Cheltenham's street sign pigeons auctioned off
Pigeons which have sat on top of street signs in Cheltenham for 20 years have been auctioned off for charity.
The 11 cast-iron birds, removed from the town's pedestrian signposts to make way for new signage, were sold for up to £450 each.
Former Cheltenham mayor Wendy Flynn said people had been able to "buy a piece of Cheltenham's history" rather than the birds being melted down.
The Royal Pigeon Racing Association said the loss of the birds was a shame.
The two-week auction raised £1,895 for the former mayor's three charities.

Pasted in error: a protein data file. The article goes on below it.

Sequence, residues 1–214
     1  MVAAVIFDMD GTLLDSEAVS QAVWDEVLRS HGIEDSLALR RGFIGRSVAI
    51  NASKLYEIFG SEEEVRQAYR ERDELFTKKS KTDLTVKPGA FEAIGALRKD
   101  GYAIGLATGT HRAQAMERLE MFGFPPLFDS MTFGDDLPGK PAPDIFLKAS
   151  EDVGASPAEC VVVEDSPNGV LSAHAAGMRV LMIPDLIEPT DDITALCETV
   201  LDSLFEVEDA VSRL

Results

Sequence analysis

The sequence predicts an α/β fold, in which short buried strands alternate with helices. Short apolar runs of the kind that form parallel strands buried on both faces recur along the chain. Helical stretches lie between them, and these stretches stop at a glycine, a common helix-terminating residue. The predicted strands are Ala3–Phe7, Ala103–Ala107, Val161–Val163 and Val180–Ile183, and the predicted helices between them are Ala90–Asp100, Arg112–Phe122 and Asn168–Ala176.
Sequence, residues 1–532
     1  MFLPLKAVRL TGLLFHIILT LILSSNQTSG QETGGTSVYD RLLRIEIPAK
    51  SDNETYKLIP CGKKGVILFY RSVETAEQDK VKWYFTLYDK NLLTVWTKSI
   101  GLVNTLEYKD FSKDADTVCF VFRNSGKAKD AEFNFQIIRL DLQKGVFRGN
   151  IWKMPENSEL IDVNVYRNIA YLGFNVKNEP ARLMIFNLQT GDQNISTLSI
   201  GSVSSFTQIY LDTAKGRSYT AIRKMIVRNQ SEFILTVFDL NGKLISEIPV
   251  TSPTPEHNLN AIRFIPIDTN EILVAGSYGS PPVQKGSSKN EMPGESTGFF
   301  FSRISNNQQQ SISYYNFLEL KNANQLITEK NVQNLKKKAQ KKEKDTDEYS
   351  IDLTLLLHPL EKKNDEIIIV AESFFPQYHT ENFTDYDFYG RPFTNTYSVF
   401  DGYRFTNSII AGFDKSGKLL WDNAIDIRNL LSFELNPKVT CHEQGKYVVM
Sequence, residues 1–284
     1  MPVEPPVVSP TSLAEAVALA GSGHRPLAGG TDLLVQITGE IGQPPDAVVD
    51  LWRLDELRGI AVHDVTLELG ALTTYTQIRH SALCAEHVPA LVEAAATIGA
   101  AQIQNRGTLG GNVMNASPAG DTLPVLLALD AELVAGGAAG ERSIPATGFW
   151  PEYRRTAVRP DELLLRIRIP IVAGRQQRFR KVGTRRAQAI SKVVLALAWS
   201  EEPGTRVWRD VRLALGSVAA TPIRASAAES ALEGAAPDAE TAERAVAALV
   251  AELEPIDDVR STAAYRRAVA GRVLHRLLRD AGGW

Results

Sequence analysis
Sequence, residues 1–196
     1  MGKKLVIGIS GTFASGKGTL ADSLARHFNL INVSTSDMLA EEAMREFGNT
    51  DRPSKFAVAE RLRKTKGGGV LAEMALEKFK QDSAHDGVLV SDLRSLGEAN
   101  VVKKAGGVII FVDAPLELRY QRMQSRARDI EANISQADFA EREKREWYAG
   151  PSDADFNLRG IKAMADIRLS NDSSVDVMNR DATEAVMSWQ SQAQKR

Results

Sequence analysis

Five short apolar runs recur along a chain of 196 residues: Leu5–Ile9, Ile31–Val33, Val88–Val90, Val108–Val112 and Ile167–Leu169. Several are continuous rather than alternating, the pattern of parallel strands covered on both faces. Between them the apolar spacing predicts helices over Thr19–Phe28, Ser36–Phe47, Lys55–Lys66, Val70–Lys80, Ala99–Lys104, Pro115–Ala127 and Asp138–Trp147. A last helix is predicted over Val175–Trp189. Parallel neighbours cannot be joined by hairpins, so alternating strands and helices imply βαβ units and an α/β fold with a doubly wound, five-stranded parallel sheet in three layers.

The town's old black and gold signs were too high, too difficult to read and "insufficiently clear in terms of direction", said the council.
In their place, the authority is installing new "clearer" signs with simple maps and graphics to help those unfamiliar with the town.
The redundant pigeons, with a starting price of £20 per pigeon, were put up for auction on 2 June.
"It's an amazing amount of money that has been raised," said Jennie Ingram, assistant the mayor.
"It is also great to see that the pigeons that have directed the Cheltenham residents and tourists for over 20 years will now be re-homed."
But Stewart Wardrop, from the Cheltenham-based Royal Pigeon Racing Association, said it was pigeons pecking at the salts that had drawn the Romans' attention to the area's mineral waters.
"The humble pigeon is why Cheltenham is here," he said.
"They're part of the heritage of the town and I think it's a shame they've been removed."